With the impact of the COVID-19 crisis affecting people all over the country, the Internal Revenue Service and the Treasury Department have said that the monies promised to Americans will begin being distributed in the next three weeks, providing a lifeline to those whose financial lives have been upended by the pandemic, and the Washington Post provided a specific timeline for when individuals can expect to receive payment. For most people, the distribution will be automatic and there will be no action required of them.
Who does the economic impact payment help?
The full $1,200 economic impact payment will be sent to single taxpayers whose adjusted gross income (AGI) did not exceed $75,000 in 2018 or 2019, and $2,400 will be sent to married couples filing joint returns for whom AGI did not exceed $150,000. There will be an additional distribution of up to $500 for each qualifying child. The distributions will be reduced by $5 per $100 above that threshold until single filers reach the limit of $99,000 and joint filers with no children reach the limit of $198,000. People who earn above that point will not receive payments.
Individuals who are not required to file a tax return as a result of being railroad retirees or Social Security recipients are also eligible to receive the payment with no action required on their parts. However, for the millions of Americans whose incomes are low enough that they are not required to file a tax return, receipt of the individual stimulus payments will require taking an extra step. The only way that the Internal Revenue Service knows who to send the economic impact payments to is through existing federal tax return records, so if you haven’t filed a tax return in the last couple of years, you may end up needing to submit a basic return for the purpose of ensuring that a check gets sent to you, but the keyword there is “may.” According to information on the IRS website, the agency does not want people rushing to fill out basic tax returns that may not be needed. A notice on the official site reads in part, “People, like low-income taxpayers and some veterans, who generally don’t file or are not required to file should wait,” the IRS states on its website.
What will the determination of my economic impact be based on?
The primary source of information regarding an individual or couple’s economic impact will be 2019 tax returns for anybody who has already submitted them, but with the April 15th tax due date still in the future, there are many who have not yet submitted their returns. In that case, the IRS will turn to the returns from 2018 to determine eligibility. The bank account referenced on those tax returns will be the one into which the payment will be deposited. The good news is that not having your taxes filed yet doesn’t preclude your receipt of the payment. Economic impact payments will be available for the balance of 2020, so just make sure that you get your tax returns in as quickly as possible, and definitely before year-end.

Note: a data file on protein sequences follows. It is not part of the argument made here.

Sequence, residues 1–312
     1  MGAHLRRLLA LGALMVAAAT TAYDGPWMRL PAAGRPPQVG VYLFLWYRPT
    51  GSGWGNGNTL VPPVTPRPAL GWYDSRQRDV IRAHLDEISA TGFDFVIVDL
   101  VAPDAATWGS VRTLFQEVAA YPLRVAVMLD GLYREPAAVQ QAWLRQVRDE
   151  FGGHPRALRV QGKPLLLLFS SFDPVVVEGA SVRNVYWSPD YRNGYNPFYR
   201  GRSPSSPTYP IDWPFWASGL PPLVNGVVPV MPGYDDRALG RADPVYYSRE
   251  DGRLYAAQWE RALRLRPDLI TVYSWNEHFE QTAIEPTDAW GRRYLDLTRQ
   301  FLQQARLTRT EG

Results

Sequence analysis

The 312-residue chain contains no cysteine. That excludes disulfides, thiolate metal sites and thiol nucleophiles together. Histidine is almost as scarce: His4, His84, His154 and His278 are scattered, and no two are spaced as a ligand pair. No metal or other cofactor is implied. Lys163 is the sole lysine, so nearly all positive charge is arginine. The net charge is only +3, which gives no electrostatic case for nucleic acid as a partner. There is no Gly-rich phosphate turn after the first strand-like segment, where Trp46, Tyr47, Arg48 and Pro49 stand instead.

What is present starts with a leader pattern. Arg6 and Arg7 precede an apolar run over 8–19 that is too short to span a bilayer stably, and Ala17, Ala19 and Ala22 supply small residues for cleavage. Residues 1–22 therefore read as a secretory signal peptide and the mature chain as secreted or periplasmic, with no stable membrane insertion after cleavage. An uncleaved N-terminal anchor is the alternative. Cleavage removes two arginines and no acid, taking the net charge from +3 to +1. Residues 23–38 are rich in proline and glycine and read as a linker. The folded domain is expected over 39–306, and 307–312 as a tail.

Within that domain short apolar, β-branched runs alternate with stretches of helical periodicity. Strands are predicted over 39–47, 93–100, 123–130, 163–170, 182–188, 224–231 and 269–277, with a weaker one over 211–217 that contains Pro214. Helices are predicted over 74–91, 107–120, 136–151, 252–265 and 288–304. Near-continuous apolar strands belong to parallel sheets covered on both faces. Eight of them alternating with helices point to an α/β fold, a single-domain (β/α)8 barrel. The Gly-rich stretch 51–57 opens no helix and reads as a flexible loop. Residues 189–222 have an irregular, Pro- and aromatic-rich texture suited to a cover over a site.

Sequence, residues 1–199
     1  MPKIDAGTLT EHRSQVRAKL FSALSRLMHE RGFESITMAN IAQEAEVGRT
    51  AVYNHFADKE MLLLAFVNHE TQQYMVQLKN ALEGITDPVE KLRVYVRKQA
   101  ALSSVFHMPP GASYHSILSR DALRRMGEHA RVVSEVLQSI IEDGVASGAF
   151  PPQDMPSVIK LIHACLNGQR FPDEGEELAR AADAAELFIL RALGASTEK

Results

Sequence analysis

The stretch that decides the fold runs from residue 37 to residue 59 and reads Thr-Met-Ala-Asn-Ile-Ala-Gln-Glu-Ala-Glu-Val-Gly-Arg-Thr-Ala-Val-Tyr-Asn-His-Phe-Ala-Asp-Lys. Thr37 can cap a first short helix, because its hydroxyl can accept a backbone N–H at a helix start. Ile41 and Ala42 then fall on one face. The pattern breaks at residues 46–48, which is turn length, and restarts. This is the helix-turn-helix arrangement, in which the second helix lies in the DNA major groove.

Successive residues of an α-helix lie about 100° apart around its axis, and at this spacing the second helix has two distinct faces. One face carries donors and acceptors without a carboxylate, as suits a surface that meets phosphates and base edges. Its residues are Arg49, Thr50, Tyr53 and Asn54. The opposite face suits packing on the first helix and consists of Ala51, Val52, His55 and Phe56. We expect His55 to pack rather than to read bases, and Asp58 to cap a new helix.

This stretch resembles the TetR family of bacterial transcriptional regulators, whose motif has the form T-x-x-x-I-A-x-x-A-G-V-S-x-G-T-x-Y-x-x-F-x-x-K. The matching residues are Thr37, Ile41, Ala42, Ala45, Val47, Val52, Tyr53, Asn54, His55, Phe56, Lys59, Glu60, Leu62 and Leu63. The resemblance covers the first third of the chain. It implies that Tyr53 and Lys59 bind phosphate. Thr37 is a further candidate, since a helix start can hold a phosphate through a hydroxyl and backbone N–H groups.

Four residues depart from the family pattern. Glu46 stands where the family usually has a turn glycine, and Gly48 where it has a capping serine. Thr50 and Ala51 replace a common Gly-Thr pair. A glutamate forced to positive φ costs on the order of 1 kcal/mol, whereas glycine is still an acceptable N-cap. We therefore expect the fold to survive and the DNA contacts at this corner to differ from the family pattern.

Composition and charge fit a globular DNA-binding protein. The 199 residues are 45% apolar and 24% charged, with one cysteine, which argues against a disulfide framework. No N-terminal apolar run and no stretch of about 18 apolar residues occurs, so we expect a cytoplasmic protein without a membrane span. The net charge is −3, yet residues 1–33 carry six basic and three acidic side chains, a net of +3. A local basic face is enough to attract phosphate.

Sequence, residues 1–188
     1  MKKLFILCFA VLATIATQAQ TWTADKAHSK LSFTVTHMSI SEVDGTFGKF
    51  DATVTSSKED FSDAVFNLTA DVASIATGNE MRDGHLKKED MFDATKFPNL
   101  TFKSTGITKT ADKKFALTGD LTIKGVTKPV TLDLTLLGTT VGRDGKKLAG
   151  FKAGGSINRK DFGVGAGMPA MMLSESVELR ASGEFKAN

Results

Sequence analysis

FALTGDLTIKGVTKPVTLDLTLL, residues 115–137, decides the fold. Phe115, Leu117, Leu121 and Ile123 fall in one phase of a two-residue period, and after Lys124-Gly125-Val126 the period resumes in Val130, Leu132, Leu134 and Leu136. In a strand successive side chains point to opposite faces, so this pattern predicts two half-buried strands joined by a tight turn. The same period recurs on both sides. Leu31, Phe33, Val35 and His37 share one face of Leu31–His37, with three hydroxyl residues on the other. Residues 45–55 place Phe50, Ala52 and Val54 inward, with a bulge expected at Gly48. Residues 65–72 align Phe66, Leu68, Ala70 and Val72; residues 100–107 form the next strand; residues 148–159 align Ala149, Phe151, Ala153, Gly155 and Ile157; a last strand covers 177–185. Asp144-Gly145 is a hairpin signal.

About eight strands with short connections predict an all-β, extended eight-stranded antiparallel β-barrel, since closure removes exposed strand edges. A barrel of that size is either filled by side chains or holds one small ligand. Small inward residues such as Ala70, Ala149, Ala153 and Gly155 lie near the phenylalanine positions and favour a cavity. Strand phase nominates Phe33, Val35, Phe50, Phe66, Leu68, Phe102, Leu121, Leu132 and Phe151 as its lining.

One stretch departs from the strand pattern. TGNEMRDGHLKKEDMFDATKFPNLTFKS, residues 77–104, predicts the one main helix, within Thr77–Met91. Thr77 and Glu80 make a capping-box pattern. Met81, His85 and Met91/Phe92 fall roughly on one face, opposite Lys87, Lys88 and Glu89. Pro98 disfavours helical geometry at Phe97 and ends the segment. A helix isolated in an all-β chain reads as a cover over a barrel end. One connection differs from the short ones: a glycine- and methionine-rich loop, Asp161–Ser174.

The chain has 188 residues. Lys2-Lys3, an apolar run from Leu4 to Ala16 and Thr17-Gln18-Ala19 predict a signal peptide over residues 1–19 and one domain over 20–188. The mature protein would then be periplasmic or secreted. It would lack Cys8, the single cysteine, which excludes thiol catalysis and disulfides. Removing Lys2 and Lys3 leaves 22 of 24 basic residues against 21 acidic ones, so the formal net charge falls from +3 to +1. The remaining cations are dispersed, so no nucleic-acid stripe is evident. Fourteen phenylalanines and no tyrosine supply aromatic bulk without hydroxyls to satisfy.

What if I haven’t provided a direct deposit bank account?
Not all taxpayers opt to have their refund check deposited directly into their account, and as a result, the economic impact payment may end up being delayed. In recognition of this concern, a a special web portal will be available to allow those in that category to submit the pertinent account information to allow the IRS to get them their payment quickly. The portal is expected by the week of April 13th, and will not only allow an online fix to be made but will also provide a way for taxpayers to check the status of their payment.
What is the specific timeline for payments to be made?
According to the Washington Post, though payments will begin to be sent out as early as April 9th, there are some taxpayers whose payments will not be sent until September. Those individuals and joint filers who have not provided banking information for direct deposit will be receiving checks rather than automatic payments, and they will not begin to be sent until April 24th. Only about two in ten taxpayers don’t take advantage of direct deposit for their refunds, and the rest — including Social Security recipients — will start receiving payments much sooner, with a spokeswoman for the Treasury Department indicating that between 50 million and 70 million Americans will see their economic impact payments direct deposited by April 15th.
According to the newest updates, the Treasury Department is expected to take the first step on Friday, April 10th which involves clearing the payments that will be directly deposited. Banks expect a Treasury Department transmission Friday to confirm the money will reach the correct accounts. The IRS is meant to start processing the payments on Monday, April 13th and direct deposits would show up in recipients’ bank accounts on Wednesday.
Those who have not previously submitted their bank information will be able to do so via the aforementioned web portal, and once that information has been received the IRS will prioritize payments for America’s lowest-income Americans using the following schedule:
- April 24 – Individuals with incomes of $10,000 or less
- May 1 – Earners of $20,000 or less
- May 8 – Earners of $30,000 or less
- May 15 – Earners of $40,000 or less
Payments will continue to be sent out at a rate of 5 million checks a week, based on increasing income category increments of $10,000. Those at the highest income level eligible to receive payments should expect their payment to be issued on September 4th, while those that need to apply for checks as a result of missing information can expect to receive the payments on September 11th.